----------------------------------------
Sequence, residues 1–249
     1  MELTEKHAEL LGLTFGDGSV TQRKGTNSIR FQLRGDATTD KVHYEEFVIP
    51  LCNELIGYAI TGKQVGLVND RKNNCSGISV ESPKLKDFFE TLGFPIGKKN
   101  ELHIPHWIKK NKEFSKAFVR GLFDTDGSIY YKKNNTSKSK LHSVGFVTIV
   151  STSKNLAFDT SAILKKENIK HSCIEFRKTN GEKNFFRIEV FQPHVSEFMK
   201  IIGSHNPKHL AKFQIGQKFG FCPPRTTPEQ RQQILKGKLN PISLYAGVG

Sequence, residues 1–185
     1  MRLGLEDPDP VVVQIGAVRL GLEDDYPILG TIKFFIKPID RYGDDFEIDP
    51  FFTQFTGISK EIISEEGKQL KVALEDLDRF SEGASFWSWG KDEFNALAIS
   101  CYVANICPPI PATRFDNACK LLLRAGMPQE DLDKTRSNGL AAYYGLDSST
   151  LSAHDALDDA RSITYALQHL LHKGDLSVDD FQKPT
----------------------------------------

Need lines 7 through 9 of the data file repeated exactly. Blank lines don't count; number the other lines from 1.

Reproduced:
Sequence, residues 1–185
     1  MRLGLEDPDP VVVQIGAVRL GLEDDYPILG TIKFFIKPID RYGDDFEIDP
    51  FFTQFTGISK EIISEEGKQL KVALEDLDRF SEGASFWSWG KDEFNALAIS